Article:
Emergency Preparedness, Photography and Homesteading Enthusiast
Gary Davis has been involved with emergency preparedness topics for the better part of a decade with his initial interest coming from a friend and first responder's personal account of working down in Katrina's aftermath.
In one of his roles at his day job he functions as the Safety Officer ensuring all employees are aware of the safety plan, evacuation procedures, medical response and sheltering events. He is also works with the Warrenville Emergency Management Agency, fulfilling the Safety Officer role, training for a variety of disasters and emergencies. He has been through the CERT program and holds AHA First Aid and CPR/AED certifications along with a Wild Edibles Certificate. In his day to day he also practices Emergency Preparedness by having developed multiple medical kits and emergency bags, practicing gardening and foraging, soap making and other homesteading activities and is always on the lookout for new skills to acquire.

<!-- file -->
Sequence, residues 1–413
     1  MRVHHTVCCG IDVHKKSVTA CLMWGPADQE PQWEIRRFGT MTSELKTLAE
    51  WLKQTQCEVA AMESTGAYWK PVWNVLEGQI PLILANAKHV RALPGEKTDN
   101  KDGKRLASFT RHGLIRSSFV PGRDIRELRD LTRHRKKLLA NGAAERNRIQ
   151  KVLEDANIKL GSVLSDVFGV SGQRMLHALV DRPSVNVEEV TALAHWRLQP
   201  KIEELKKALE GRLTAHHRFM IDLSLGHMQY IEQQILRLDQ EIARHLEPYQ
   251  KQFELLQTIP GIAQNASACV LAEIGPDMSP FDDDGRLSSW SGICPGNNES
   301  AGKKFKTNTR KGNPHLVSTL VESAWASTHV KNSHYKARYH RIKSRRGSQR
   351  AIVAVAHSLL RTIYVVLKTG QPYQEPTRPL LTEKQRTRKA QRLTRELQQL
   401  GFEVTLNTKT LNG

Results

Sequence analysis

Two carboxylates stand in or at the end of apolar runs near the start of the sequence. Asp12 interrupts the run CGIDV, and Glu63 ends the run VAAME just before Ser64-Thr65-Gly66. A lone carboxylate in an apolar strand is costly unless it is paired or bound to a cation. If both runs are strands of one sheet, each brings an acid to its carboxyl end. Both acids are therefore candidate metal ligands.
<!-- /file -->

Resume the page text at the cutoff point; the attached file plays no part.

Marie Herman is a cooking and homesteading enthusiast who loves to share what she has learned. She has a beautiful organic herb and vegetable garden that inspires her to capture the bounty through all forms of preserving. She has a passion for maintaining the "lost arts" and enjoys discovering how things used to be done and how they can still be done more sustainably. Marie shares her house with her husband of 25 years (who loves to bribe her with kitchen gadgets) and three cats.